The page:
Featured, Local News

Skinny Pancake to open restaurant in Quechee


Bengy Adler is the owner of Skinny Pancake, opening its tenth location in Quechee, in February.

By Curt Peterson

QUECHEE— The Skinny Pancake creperie is opening its 10th restaurant and café next month in Quechee.  The new business will occupy 2,000 square feet of space at 7161 Woodstock Road.

Benjy Adler, president and founder of the Skinny Pancake, told the Mountain Times the date for the grand opening is not set, but will be before President’s Day weekend. He’d like to open on National Crepe Day Feb. 2, but that may be too ambitious.

A firm date will be publicized.

Like their other locations, the Quechee café will serve sweet and savory crepes, fine coffees including espresso, breakfast sandwiches, salads and burgers. A full bar will feature local draft beer.

Adler said ambiance will be casual—diners will order at the counter and their food will be brought to their table. He is not currently planning live music.

“We want a quiet, comfortable place where people can bring their families, and have a delicious dinner with healthy food, and at a reasonable price,” Adler said. “Or, people can bring their laptops, sip coffee, and relax.”

Benjy and his brother Jonny began the enterprise in 2003 with a creperie cart on Church Street, Burlington, which is still in the same spot. Soon they graduated to a trailer, then to a converted bus. In 2007 they leased their first physical site on Burlington’s waterfront. The second opened in Montpelier in 2009.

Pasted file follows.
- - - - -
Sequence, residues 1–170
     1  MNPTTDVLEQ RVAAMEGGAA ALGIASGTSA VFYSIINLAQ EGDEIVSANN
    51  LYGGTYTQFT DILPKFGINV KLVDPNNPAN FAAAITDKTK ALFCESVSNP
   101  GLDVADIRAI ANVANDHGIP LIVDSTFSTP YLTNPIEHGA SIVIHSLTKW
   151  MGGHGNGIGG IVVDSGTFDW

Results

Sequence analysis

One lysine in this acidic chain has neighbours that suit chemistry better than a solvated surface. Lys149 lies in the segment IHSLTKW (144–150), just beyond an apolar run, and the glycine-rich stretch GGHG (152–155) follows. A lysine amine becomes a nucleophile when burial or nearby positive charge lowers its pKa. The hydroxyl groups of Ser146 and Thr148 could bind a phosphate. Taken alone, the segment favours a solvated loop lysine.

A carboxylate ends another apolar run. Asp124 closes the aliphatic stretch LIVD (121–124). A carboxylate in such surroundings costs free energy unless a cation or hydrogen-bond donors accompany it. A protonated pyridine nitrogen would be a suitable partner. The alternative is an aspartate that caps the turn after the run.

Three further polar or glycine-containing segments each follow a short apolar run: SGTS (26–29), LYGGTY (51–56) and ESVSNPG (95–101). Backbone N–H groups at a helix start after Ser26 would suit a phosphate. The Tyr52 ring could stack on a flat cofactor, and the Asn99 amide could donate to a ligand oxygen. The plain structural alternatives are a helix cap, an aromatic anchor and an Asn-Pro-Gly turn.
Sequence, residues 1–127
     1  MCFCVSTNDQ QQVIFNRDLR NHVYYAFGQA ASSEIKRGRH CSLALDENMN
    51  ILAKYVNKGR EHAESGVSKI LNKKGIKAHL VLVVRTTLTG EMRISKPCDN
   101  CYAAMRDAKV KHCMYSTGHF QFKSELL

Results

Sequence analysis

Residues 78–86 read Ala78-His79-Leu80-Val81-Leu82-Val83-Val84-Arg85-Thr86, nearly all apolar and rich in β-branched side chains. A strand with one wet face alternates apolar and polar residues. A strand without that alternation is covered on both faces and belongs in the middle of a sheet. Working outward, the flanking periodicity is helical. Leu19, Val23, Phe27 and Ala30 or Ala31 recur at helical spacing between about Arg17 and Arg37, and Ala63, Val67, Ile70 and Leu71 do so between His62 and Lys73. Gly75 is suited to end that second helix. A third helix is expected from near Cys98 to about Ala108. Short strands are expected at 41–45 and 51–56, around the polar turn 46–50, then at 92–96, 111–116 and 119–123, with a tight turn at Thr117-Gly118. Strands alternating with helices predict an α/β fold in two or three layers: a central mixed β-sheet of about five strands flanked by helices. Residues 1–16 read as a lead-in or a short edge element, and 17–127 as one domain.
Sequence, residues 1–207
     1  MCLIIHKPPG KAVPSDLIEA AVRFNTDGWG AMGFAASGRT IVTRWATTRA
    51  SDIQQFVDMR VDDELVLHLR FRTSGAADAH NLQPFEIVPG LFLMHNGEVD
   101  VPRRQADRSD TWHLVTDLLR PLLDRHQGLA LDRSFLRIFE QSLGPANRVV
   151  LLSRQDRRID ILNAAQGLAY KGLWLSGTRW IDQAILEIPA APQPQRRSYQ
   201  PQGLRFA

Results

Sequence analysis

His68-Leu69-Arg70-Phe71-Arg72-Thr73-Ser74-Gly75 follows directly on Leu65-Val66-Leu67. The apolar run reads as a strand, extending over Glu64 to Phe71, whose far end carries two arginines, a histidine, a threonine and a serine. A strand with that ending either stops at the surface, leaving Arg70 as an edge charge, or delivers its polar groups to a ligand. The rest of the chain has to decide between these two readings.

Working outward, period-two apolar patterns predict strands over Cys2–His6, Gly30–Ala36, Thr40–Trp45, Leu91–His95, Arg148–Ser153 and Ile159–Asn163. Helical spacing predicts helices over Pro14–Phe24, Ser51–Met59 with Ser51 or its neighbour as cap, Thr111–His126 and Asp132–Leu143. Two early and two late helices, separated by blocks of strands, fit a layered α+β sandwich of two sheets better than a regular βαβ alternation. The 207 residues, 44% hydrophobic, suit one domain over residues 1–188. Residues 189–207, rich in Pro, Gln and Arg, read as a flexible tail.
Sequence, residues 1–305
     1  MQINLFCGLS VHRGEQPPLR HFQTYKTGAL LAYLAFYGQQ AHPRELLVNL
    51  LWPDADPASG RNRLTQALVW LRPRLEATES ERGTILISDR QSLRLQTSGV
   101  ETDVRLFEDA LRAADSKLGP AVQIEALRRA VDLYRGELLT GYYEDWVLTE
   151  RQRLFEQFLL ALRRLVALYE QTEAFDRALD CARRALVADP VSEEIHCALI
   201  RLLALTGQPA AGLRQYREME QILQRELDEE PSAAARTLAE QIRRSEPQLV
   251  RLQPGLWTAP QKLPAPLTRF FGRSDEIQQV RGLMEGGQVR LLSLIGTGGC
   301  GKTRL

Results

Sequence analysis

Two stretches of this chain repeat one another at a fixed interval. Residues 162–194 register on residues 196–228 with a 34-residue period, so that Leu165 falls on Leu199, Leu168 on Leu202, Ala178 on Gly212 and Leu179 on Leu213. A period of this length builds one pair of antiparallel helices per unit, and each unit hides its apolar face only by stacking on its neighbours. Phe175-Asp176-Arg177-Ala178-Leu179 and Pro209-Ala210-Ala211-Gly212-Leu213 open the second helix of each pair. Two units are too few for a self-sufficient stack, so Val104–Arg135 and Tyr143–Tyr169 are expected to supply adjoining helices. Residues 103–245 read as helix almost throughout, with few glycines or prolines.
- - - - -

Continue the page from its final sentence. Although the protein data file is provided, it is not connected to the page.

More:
By 2013 three Skinny Pancakes shops served Burlington International Airport.

“In 2015 and 2016 we had a flurry of openings,” Adler said. “Our expansion has been prudent. Quechee will be our first new store in two years.”

In the summer busy season, the Skinny Pancake employs 300.

The Skinny Pancake nearest to Quechee is in Hanover.

“The Quechee community attracts tourists and serves local people,” Adler said. “Success will depend on both. Although we do very well with Vermont tourists, we can’t survive on tourism alone – we need to be a great value to local people too.”

The Jake’s Market location was chosen for multiple reasons. “The existing kitchen is very high-quality, the ceilings are high, there is lots of natural light, and Jake’s’ owners are really good people to deal with.”

The Skinny Pancake, according to Adler, is a practitioner of “beneficent capitalism.”

“We want to make history, not just money,” he said. “We are on a mission to maximize our positive social impact.”

Rather than through philanthropy, Skinny Pancake does good work in how they do business.

In 2014, according to “Business People – Vermont,” 65.1 percent of Skinny Pancake’s food was sourced or processed locally.

“Every year we do an audit,” Adler said. “Last year 75 percent of our food was local. Ninety-eight percent of our revenue is spent. If we can direct our spending to local farms, businesses and households, it’s doing service to the community. How we spend our money is how we can make the most positive impact.”

Adler has no specific expansion plans at this time.

“The Rutland food scene is real, and it’s deep,” he said. “I would love to participate in it. But right now we are focusing on running our business and getting Quechee up and running. What we are doing in Quechee will be our model going forward.”

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